We exploited the power of the Geant4 Monte Carlo toolkit to study and validate new approaches for the averaged linear energy transfer (LET) calculation in 62 MeV clinical proton beams. The definitions of the averaged LET dose and LET track were extended, so as to fully account for the contribution of secondary particles generated by target fragmentation, thereby leading to a more general formulation of the LET total. Moreover, in the proposed new strategies for the LET calculation, we minimised the dependencies in respect to the transport parameters adopted during the Monte Carlo simulations (such as the production cut of secondary particles, voxel size and the maximum steplength). The new proposed approach was compared against microdosimetric experimental spectra of clinical proton beams, acquired at the Italian eye proton therapy facility of the Laboratori Nazionali del Sud, Istituto Nazionale di Fisica Nucleare (INFN-LNS, Catania, I) from two different detectors: A mini-tissue equivalent proportional chamber (TEPC), developed at the Legnaro National Laboratories of the National Institute for Nuclear Physics (LNL-INFN) and a silicon-on-insulator (SOI) microdosimeter with 3D sensitive volumes developed by the Centre for Medical Radiation Physics of Wollongong University (CMRP-UoW). A significant increase of the LET in the entrance region of the spread out Bragg peak (SOBP) was observed, when the contribution of the generated secondary particles was included in the calculation. This was consistent with the experimental results obtained.

Monte Carlo implementation of new algorithms for the evaluation of averaged-dose and -track linear energy transfers in 62 MeV clinical proton beams

S Agosteo;P Colautti;V Conte;
2020

Abstract

We exploited the power of the Geant4 Monte Carlo toolkit to study and validate new approaches for the averaged linear energy transfer (LET) calculation in 62 MeV clinical proton beams. The definitions of the averaged LET dose and LET track were extended, so as to fully account for the contribution of secondary particles generated by target fragmentation, thereby leading to a more general formulation of the LET total. Moreover, in the proposed new strategies for the LET calculation, we minimised the dependencies in respect to the transport parameters adopted during the Monte Carlo simulations (such as the production cut of secondary particles, voxel size and the maximum steplength). The new proposed approach was compared against microdosimetric experimental spectra of clinical proton beams, acquired at the Italian eye proton therapy facility of the Laboratori Nazionali del Sud, Istituto Nazionale di Fisica Nucleare (INFN-LNS, Catania, I) from two different detectors: A mini-tissue equivalent proportional chamber (TEPC), developed at the Legnaro National Laboratories of the National Institute for Nuclear Physics (LNL-INFN) and a silicon-on-insulator (SOI) microdosimeter with 3D sensitive volumes developed by the Centre for Medical Radiation Physics of Wollongong University (CMRP-UoW). A significant increase of the LET in the entrance region of the spread out Bragg peak (SOBP) was observed, when the contribution of the generated secondary particles was included in the calculation. This was consistent with the experimental results obtained.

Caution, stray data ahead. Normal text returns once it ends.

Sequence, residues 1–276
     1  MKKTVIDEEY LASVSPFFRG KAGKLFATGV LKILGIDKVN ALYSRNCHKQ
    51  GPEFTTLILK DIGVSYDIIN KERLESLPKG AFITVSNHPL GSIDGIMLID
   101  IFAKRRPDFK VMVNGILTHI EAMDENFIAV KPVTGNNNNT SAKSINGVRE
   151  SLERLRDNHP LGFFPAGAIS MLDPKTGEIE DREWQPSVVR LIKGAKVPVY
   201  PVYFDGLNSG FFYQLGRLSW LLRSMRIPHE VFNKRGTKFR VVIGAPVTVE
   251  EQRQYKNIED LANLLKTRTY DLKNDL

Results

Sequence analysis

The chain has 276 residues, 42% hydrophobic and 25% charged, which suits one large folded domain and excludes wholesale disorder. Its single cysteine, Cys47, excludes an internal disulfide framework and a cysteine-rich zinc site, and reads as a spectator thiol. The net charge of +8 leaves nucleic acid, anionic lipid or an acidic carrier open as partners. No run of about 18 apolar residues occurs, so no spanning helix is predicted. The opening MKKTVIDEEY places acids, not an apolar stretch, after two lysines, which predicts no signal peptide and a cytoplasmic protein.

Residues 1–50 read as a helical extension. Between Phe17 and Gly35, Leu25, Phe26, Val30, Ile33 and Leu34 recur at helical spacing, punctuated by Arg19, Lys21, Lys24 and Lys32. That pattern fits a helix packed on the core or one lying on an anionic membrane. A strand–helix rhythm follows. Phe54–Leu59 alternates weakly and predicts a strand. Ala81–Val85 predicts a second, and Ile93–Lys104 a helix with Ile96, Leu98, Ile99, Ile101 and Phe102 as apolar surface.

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Utilizza questo identificativo per citare o creare un link a questo documento: https://hdl.handle.net/11311/1166871
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